AUG 13, 2018 07:53 AM PDT

Insight Into the Origins of Junk DNA - From Koalas

WRITTEN BY: Carmen Leitch

The human genome is made up of four nucleotide bases: A, T, G, and C, that are arranged to form genes. However, aside from genes, there is a lot of other stuff in the genome including long strands of repetitive sequences that don’t have any readily apparent function. While the research that focused on those regions has revealed some things about their purpose, much is still unknown. Incredibly, koalas might be able to help scientists reveal some of the secrets of these so-called ‘junk’ sequences. Koalas often carry an infection that may explain how viruses impacted the genetic material of many different species was impacted.

Led by Professor and Virologist Paul Young, the Head of UQ's School of Chemistry and Molecular Biosciences, scientists have studied a koala retrovirus. Retroviruses can actually work their way into the genome of their host. 

"Retroviruses insert their genome into their host's chromosome, from where they make more copies of themselves," Young explained. "Some can also infect what are known as germline cells, which alters the host genetic code and that of all their descendants."

We know that the human genome has been altered by retroviruses for more than five million years, making it hard to study the first changes they made. Koalas, however, are undergoing more recent alterations.

"About a decade ago, we discovered that the wild koala population was being invaded by a retrovirus," said Young. "This isn't great news for the koala, but it has provided us with an opportunity to study what's happening to these retroviral genomes early in their association with a new host."

Koala / Credit: Carmen Leitch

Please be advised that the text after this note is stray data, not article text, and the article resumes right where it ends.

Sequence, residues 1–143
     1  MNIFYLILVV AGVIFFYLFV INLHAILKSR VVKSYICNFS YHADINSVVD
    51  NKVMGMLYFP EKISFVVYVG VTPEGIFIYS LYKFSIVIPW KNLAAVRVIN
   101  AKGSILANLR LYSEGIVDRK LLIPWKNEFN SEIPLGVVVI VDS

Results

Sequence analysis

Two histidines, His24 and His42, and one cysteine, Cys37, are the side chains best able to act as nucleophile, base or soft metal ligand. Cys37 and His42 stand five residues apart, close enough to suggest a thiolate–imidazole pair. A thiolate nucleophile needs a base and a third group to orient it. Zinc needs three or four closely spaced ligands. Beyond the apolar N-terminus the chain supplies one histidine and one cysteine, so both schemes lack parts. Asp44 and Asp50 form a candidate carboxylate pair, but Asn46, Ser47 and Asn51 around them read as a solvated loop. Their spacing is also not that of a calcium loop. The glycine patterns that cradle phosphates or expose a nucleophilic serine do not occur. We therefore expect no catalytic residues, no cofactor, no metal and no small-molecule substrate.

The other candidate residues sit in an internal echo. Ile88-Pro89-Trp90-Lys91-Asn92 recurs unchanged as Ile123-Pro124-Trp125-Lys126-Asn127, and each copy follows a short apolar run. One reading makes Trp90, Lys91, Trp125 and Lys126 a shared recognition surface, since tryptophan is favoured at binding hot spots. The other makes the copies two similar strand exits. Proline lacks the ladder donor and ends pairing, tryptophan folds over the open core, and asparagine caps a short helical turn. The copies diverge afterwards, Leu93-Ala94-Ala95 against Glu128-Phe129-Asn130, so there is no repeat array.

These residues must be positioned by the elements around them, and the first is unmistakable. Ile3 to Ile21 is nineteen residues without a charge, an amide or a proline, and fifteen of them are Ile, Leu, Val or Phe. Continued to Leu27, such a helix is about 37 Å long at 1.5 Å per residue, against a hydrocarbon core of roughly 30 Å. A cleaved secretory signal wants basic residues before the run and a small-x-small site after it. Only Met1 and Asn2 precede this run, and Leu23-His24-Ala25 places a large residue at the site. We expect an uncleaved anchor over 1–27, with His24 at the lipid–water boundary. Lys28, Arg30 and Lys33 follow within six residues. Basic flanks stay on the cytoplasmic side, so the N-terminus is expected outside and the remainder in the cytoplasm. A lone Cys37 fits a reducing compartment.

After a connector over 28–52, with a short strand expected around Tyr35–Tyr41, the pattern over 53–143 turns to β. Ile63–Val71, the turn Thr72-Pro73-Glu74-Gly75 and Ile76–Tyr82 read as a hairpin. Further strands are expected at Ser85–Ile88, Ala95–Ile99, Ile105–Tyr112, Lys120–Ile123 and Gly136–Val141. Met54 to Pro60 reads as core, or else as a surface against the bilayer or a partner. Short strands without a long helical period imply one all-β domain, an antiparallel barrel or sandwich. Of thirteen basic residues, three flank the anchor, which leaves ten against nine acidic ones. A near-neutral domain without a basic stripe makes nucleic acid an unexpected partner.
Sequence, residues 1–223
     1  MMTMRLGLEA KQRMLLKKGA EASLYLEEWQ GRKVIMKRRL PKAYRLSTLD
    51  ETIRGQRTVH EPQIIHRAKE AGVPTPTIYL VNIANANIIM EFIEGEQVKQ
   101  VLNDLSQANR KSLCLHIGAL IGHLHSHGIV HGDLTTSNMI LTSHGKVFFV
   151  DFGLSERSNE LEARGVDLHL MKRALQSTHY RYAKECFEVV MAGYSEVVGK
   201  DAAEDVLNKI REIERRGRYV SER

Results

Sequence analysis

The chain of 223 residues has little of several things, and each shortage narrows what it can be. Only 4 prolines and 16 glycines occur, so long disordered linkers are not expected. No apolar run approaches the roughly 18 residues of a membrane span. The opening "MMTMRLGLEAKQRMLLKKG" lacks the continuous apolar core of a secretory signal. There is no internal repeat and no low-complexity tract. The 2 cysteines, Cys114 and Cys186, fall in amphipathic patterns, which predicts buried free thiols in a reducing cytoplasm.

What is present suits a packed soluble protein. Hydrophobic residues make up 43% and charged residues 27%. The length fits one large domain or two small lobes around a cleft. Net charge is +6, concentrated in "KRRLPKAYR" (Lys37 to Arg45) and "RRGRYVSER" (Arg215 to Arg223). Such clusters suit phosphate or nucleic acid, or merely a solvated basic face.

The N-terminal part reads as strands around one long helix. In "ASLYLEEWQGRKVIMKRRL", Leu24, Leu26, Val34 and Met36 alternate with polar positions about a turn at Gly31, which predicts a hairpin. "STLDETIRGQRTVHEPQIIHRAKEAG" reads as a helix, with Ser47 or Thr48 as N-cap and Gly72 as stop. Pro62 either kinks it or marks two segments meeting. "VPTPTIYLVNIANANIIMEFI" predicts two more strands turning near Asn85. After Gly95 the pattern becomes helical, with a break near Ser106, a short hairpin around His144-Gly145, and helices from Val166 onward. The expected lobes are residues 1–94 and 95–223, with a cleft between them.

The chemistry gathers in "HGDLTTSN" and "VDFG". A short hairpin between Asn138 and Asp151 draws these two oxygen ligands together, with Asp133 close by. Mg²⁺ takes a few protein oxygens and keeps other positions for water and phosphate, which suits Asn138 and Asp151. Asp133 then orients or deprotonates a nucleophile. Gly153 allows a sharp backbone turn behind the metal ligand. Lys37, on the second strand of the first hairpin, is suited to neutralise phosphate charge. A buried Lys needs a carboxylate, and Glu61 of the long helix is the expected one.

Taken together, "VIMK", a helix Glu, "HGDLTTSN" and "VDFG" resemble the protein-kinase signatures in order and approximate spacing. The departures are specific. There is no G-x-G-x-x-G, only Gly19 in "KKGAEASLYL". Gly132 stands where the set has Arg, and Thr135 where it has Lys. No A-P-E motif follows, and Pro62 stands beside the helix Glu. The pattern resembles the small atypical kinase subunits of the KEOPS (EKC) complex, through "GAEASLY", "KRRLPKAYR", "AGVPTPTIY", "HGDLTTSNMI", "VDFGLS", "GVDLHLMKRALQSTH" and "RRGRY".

Young noted that retroviruses could potentially replicate endlessly, which would eventually spell disaster for a species. But usually, the viruses eventually cease to cause disease and instead, confer new functions on an organism or turn inert, potentially as junk DNA. "Until now, scientists could only guess at why and how this happened," Young noted.

It would be very intriguing to see a retrovirus at work, said Professor Joanne Meers of UQ. "Because the koala retrovirus is still relatively young - less than 50,000 years old - and not yet 'fixed' in a certain location within the koala genome, scientists can monitor this early engagement between a retrovirus and its host."

"This means that the koala, a species not usually associated with biomedical breakthroughs, is providing key insights into a process that has shaped eight per cent of the human genome, and will likely show us what happened millions of years ago when retroviruses first invaded the human genome,” added Professor Alex Greenwood of the Leibniz Institute for Zoo and Wildlife Research in Berlin.


Sources: AAAS/Eurekalert! via University of Queensland, PNAS

About the Author
  • Experienced research scientist and technical expert with authorships on 28 peer-reviewed publications, traveler to over 60 countries, published photographer and internationally-exhibited painter, volunteer trained in disaster-response, CPR and DV counseling.
You May Also Like
OCT 02, 2018
Drug Discovery
OCT 02, 2018
Mycobacterial Lung Disease, FDA Approves New Drug
New drug seeking to treat antibiotic-resistant lung disease has just been approved by the U.S. Food and Drug Administration. The drug is called ‘Arik...
NOV 03, 2018
Microbiology
NOV 03, 2018
Potential new Tuberculosis Treatment Found in Dirt
The pathogen that causes TB has been able to evolve, and often, the typical therapeutic for the illness does not work....
NOV 05, 2018
Microbiology
NOV 05, 2018
Potential Antidote to Botulism is Found
A microbe called Clostridium botulinum and sometimes two other strains of Clostridium bacteria can make a toxic chemical called botulism....
NOV 15, 2018
Videos
NOV 15, 2018
A Season of Outbreaks
In a few different places around the world, people are facing disease outbreaks due to pathogenic microbes....
NOV 25, 2018
Videos
NOV 25, 2018
Ongoing Ebola Outbreak in DRC Becomes Country's Worst Ever
On August 1, 2018, an Ebola outbreak was declared in the Democratic Republic of the Congo, which is still ongoing....
NOV 26, 2018
Health & Medicine
NOV 26, 2018
Nontuberculous Mycobacterial Infections in Tattoos
Contracting an infection when getting a tattoo is always a major concern. Consumers should be aware of the risk of developing infections with bloodborne pa...
Loading Comments...